I know I go on about this, but this latest trip to the States has cemented again that there’s nothing like a loving, hands-on garden owner to take a garden to a whole new level.
I’ve never previously worried about scratching up any historical authority for such statements as above, as I’m a) happy to be judged on my own opinions and b) unafraid of being proven wrong, but since I’ve just stumbled on some today, I may as well add them. Perhaps they’ll bring a certain weight-of-the-ages to these otherwise flippant musings. This from Charles Quest-Ritson’s The English Garden – A Social History, picked up second hand on Boston’s beautiful Newbury St.
C Q-R quotes John Rae in the late 17th Century saying that ‘fair houses are more frequent than fine Gardens’ , the latter requiring ‘more skill in the owner, few gardens being found well furnished out of the hands of an affectionate Florist’ (the term then used for keen plantsmen).
Charles Q-R also quotes Alexander Pope as saying ‘I have long been convinced that neither Acres, nor Wife, nor any publick Professors of Gardening, (any more than any publick Professors of Virtue) are equal to the Private Practisers of it.’ I don’t know what he means by Acres or Wife, but the point is clear, nevertheless.
Which leads me to two stand-out gardens in New England, which stand-out largely due to this one, hard-to-pin-down characteristic of being deeply loved and nurtured by their owners.
The first was Hollister House in Connecticut. From the minute we walked in we could sense the difference between this and other gardens we’d seen. It’s always hard to tell what you’re reading when you get such a feeling in a garden, partly, possibly, because it’s a combination of subtleties. There’s the spontaneous, self-sown thing going on, with Brunnera, ferns and forget-me-not in amongst the paving stones – something institutional gardens almost never allow. There’s the imperfect laying of the paving stones, which can only exist where there’s small visitor numbers and minimal danger of litigation. There’s the idiosyncratic and purely fun plant choices and combinations – the sort of stuff that committees or teams don’t achieve because they can’t justify before trying. Committees and trusts, for all the wonderful work they do, are better at nurturing gravity than levity. Even the level changes are playful at Hollister House – the walls buckle and fold like origami around the tricky, curving contours.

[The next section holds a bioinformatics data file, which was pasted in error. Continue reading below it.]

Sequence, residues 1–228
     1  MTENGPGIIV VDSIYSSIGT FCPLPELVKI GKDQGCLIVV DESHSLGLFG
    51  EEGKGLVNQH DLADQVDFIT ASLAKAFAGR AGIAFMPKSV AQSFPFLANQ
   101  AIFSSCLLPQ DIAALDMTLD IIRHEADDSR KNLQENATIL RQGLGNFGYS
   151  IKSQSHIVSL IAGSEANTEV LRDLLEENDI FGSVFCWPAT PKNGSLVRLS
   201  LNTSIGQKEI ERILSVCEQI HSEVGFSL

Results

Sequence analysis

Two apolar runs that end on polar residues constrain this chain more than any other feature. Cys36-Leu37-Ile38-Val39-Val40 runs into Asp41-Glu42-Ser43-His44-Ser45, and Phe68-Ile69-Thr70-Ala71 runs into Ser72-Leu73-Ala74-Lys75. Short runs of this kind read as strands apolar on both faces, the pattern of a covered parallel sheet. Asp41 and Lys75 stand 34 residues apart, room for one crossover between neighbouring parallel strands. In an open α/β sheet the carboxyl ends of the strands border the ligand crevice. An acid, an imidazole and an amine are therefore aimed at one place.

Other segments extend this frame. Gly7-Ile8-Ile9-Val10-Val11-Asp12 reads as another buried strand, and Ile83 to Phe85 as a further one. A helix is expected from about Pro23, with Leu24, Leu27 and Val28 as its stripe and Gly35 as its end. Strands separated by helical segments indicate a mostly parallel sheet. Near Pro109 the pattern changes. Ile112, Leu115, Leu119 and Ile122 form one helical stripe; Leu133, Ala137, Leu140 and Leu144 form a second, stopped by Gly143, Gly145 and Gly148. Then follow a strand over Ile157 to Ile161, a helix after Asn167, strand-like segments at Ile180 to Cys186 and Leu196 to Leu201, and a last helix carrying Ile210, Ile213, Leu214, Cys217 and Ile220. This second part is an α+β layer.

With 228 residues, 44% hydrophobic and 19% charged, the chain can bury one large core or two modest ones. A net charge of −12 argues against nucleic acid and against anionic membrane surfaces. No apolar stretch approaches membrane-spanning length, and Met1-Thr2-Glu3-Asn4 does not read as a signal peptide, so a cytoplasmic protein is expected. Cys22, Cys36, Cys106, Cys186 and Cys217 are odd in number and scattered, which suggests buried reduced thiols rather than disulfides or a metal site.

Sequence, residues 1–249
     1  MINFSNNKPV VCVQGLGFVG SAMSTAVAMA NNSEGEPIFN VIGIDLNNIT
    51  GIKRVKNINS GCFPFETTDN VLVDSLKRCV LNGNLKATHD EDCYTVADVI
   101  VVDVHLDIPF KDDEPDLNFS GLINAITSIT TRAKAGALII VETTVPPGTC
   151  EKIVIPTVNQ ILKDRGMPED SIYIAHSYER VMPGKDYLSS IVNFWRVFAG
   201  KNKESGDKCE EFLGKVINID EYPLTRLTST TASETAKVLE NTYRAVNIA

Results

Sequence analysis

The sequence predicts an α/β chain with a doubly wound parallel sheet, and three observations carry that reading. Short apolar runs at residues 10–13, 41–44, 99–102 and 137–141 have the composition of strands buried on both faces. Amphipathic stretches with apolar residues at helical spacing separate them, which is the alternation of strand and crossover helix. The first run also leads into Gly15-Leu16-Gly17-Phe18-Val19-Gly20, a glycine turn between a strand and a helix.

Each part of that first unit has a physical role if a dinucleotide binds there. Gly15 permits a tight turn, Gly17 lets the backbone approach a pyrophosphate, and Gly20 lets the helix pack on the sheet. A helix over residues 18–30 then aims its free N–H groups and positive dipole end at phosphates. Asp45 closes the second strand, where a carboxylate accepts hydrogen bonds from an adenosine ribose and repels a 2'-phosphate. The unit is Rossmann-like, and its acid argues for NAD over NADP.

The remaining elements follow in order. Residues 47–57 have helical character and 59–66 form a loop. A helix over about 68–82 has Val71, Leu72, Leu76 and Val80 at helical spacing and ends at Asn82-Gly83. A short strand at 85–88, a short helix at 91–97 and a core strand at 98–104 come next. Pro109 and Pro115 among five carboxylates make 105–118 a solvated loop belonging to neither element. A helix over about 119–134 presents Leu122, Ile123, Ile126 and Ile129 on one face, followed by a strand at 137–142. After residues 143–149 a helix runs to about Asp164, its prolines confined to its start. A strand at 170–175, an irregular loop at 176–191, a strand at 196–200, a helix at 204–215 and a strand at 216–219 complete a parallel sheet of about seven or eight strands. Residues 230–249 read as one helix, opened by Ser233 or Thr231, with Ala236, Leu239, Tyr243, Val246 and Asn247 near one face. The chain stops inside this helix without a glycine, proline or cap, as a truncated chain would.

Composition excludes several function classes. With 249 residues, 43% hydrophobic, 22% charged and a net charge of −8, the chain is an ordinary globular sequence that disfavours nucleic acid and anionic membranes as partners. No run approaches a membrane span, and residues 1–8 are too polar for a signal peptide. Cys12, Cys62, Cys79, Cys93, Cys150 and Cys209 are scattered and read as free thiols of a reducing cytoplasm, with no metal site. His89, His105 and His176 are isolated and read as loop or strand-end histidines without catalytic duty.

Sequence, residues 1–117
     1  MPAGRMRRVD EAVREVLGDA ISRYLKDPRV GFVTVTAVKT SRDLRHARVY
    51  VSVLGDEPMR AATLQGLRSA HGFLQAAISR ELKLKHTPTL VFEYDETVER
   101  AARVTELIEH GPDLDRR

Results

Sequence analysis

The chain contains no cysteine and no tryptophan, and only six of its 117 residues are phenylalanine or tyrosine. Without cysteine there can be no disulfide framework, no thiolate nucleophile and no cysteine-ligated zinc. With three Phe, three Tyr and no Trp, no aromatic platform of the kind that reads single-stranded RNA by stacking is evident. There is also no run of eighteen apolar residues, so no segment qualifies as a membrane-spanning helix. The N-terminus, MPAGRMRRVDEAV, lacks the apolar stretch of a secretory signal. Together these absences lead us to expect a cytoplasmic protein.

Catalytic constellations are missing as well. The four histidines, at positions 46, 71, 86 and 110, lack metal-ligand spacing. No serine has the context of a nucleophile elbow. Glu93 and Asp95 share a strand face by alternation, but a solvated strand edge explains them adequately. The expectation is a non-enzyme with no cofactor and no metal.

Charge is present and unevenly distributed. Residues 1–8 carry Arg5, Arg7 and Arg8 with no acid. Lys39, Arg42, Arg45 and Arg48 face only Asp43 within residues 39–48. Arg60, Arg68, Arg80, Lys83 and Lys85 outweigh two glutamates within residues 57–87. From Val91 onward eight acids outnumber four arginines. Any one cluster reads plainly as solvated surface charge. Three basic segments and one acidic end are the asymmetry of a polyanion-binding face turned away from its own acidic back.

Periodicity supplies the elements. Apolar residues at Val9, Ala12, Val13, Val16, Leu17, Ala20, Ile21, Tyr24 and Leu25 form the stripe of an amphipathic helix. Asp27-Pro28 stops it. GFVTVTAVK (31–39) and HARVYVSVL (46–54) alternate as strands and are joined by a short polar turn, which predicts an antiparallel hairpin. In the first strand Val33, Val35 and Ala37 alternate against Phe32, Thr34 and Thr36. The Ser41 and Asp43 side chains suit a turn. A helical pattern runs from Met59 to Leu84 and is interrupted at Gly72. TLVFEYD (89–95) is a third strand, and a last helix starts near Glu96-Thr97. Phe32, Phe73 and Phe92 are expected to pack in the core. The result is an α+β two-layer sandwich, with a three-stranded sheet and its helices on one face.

The fact that we were shown around by the creator, George Schoellkopf, also made a huge difference to our connection with the garden. Having said that, I’m convinced that he’d be everywhere present and evident, even if physically absent.
Then a couple of days later, the Sakonnet garden, on our way to Newport. This is the creation of John Gwynne and Mikel Folcarelli, and again, it just shouts – sings – the personality of its owners. In this case it’s largely the idiosyncratic design ideas that mark this garden as a private, highly personal one. I can’t help but conjure the image of a board meeting, and the awkward silence that would follow one of the gardeners stating “I was thinking of using a piece of random elaeagnus topiary to display a collection of old, broken reading glasses – what do you think?”
Not that this garden’s high point score is won entirely by quirky novelty, by any means. There’s impossibly high and stunningly constructed dry-stone walls that snake through the garden, long walks veiled with pendulous copper beech, and vertically clipped walls of azaleas to create floral wallpaper. Amongst all that are great colonies of trillium – seriously covetable carpets of them. None of these features would exist but for hands-on owners who conceived, gestated, birthed and nurtured each of them into maturity.
Then the thought-stream leads me back to Chanticleer – the great anomaly. I’ve raved about it elsewhere, and will likely do so again. You’ve got to wonder how it manages to achieve private-garden personality, while being run by a Foundation. It must be one of the few gardens, worldwide, that does so.